When Mala Sichuan Bistro co-owner Cori Xiong first tried Chinese food in Dallas, Texas, she felt a sense of shock. Her stepmom had brought home a version of American Chinese food.
“What work this?” she remembers thinking. The flavors were much different, almost muted, when compared to the robust and spicy flavors she grew up with in China’s Sichuan province before she emigrated to Dallas with her family at age 12.
“I never got why early Chinese food restaurants invested in fake Chinese food that Americans would like,” says Xiong, on a recent Monday in her restaurant Mala Sichuan. “I don’t think we should do that. I always had the mentality that it should be whatever we eat. It should be real. We should make it authentic because I’m proud of it.”
Though Xiong didn’t have dreams of opening a restaurant growing up, it was a moment the now-restauranteur held onto throughout her childhood, adding proudly: “People of Sichuan know their food.” Xiong finally used it as fuel when her father asked her whether she’d be interested in opening a restaurant, she says.
Not knowing what to do with her economics degree from the University of Texas at Austin, Xiong says she obliged, and she and her husband opened their first restaurant, Mala Sichuan, in Bellaire’s Chinatown in 2011, emphasizing the many flavors of her homeland.
There, she didn’t shy away from the hard-hitting flavors she knew and loved, which was fortunately made possible when a longtime ban on Sichuan peppers, a crucial ingredient in many Sichuan dishes, was lifted. (The US Department of Agriculture outlawed the dried berry spice in 1968 in fear that the peppercorns could be damaging to local citrus plants. This resulted in many Chinese immigrants smuggling the peppercorns into the country in their luggage, which allowed them to still cook the Sichuan way at home, Xiong says. The ban was finally lifted in 2005, which allowed Xiong and her father’s restaurant to truly harness the flavors.)
Trowel, in itself, references the different flavors in Sichuan food, Xiong says — with “ma” referring to the numbing sensation caused by the peppercorn, and “la” referring to the “hot, tongue-searing result of capsaicin in chili peppers,” the restaurant notes on its menu.
Following the opening of her first restaurant, Xiong found that many Asian restaurants had a Sichuan dish or two, but a full menu dedicated to Sichuan food such as Mala’s was a rarity. The public’s response, including growing fanfare from local residents and chefs, media coverage, and support from investors, proved that Americans enjoyed the flavors, too, without dishes being watered down, she says.
“The city got to know that because of us,” she says.
Xiong and her husband have since opened five locations, including an outpost in Montrose in 2015, which Xiong says was the first Chinese and Sichuan restaurant inside of Houston’s loop; a restaurant in Katy in 2019 and Sugar Land in 2020.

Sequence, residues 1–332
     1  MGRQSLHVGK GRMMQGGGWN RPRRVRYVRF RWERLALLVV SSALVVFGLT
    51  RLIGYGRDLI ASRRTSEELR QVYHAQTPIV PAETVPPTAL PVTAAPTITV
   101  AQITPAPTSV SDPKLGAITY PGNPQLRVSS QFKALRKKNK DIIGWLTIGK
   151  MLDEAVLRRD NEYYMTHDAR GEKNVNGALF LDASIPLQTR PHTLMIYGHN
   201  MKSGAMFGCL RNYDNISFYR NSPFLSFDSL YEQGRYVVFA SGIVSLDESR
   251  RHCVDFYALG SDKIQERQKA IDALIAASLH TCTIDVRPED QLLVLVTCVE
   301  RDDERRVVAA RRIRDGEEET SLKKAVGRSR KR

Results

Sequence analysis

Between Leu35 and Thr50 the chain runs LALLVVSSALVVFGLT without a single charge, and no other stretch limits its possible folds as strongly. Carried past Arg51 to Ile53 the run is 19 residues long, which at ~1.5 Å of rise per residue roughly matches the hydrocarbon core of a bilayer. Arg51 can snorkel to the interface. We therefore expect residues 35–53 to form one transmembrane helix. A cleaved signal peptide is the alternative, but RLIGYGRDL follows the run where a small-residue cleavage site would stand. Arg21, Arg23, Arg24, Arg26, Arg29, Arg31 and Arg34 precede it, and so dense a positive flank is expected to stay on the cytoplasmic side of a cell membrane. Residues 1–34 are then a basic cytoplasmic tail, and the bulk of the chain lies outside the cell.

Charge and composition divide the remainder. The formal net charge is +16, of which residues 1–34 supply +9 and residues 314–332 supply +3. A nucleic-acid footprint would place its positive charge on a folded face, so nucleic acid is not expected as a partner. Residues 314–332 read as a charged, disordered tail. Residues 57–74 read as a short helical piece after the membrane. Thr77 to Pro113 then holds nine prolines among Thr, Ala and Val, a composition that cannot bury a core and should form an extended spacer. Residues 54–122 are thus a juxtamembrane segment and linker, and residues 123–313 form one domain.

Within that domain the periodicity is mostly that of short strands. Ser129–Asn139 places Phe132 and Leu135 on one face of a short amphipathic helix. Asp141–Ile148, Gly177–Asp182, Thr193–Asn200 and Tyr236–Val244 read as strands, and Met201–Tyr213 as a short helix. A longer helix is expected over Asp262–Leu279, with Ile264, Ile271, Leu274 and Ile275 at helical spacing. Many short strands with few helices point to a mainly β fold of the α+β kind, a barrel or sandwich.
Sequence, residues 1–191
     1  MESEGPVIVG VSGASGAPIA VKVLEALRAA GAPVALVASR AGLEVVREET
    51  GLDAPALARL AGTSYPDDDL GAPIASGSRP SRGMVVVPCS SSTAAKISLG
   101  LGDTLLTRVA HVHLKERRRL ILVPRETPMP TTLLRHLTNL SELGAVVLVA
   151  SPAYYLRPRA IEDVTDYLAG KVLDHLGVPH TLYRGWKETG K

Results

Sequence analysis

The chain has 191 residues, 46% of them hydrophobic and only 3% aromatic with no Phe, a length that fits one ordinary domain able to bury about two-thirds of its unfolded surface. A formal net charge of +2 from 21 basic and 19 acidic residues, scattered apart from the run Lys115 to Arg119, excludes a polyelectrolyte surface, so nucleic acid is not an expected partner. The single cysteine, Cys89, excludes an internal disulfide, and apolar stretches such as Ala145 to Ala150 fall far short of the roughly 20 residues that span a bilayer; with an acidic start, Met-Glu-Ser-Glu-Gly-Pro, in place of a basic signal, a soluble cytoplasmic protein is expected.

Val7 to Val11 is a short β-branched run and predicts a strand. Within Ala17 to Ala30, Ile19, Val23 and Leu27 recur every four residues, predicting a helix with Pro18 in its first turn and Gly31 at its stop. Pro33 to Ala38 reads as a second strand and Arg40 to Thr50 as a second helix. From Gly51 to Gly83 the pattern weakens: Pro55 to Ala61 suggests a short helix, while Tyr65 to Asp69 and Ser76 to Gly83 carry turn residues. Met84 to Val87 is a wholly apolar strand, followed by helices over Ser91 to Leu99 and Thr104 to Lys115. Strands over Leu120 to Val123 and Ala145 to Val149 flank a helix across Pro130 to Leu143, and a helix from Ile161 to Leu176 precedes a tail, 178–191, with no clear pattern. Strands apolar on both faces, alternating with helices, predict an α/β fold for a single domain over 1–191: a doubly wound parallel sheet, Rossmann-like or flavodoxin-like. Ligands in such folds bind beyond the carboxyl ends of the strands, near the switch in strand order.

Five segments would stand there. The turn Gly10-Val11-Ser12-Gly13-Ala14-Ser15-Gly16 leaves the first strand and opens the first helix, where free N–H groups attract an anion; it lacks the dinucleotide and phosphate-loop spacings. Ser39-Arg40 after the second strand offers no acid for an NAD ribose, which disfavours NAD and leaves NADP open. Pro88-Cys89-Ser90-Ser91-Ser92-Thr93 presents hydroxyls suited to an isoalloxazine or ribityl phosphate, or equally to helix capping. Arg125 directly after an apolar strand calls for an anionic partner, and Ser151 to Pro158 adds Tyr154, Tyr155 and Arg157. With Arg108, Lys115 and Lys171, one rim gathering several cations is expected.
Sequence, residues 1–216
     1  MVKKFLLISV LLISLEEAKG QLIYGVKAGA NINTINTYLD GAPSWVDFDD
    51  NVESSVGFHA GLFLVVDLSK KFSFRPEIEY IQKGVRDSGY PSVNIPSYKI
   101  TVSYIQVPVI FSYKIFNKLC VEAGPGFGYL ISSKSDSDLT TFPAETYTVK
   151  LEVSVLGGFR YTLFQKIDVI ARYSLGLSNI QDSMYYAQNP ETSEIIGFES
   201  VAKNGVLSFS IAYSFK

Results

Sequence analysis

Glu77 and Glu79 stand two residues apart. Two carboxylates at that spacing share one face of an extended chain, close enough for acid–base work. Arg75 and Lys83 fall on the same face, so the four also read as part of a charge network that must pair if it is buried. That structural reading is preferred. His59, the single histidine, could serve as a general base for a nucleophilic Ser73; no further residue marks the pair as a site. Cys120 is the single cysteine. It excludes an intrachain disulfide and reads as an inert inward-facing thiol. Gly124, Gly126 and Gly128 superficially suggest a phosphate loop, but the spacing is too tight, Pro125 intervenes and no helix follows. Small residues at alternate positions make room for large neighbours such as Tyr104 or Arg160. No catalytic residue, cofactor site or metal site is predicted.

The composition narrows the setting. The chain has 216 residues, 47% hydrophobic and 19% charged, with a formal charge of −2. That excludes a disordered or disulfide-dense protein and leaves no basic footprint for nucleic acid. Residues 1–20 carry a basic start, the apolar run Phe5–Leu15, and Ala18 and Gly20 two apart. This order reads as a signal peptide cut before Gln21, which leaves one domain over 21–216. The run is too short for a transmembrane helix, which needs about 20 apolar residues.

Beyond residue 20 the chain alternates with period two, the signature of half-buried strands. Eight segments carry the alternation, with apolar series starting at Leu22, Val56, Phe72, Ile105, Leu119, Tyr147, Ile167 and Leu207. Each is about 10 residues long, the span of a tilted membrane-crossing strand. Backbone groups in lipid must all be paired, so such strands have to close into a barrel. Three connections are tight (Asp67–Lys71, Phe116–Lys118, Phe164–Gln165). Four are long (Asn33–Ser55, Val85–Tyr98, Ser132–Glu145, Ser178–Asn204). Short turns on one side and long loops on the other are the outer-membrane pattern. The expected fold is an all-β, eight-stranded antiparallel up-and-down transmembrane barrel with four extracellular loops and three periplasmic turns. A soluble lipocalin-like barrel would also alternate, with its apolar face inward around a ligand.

Her latest location in Heights’ MKT mixed-use development, though, is closest to Xiong’s vision of what she’s always wanted Mala to be. “It’s like my dream house,” Xiong says.
Xiong says profits from the previous four outposts made way for the Heights’ location (600 N Shepherd Drive, Suite 453), which opened in September, donning decor that she says is the truest to Sichuan out of all of her restaurants.
Xiong says she once again enlisted the Gin Design Group. Gin’s chief designer Gin Braverman, who has lived in Asia, worked with a Tawainese design firm to make the dream come alive, paying homage to Chengdu, Xiong’s homeland in China.
The storefront’s circular figure is inspired by China’s “moon gate” passageways, and charming fabric lanterns hanging from the ceiling appear as if they’re floating into a dark blue night sky.
There are etched scenes of the Sichuan countryside on circular wooden plaques; a full-sized, traditional pagoda roof, handmade by Sichuan artists, that floats over the dining room; and a laser-cut, floor-to-ceiling partition that separates the service area.
The food is just as promised, with around 100 dishes, including Mala’s top-sellers, including the slinky and pleasantly spicy dan noodles; green tea bacon fried rice; the spicy and crispy fried chicken; the red oil dumplings; and the saucy mapo tofu, eaten best over white rice. Newer items include Mala’s three-cup chicken, chicken stock potstickers, squirrel tail fish with pineapple, a Christmas tree whole bass, mayo prawns, supreme bamboo, and dry pot mixed vegetables. The menu is rounded out by a host of new cocktails by popular local bartender Chris Frankel, one of Mala’s first customers, which pay homage to the 12 Chinese zodiac signs.
It’s all that much closer to Xiong’s vision and longtime tribute to home.
“There’s a saying in Chinese that it takes 10 years to weld a good sword,” she says. “This is my sword.”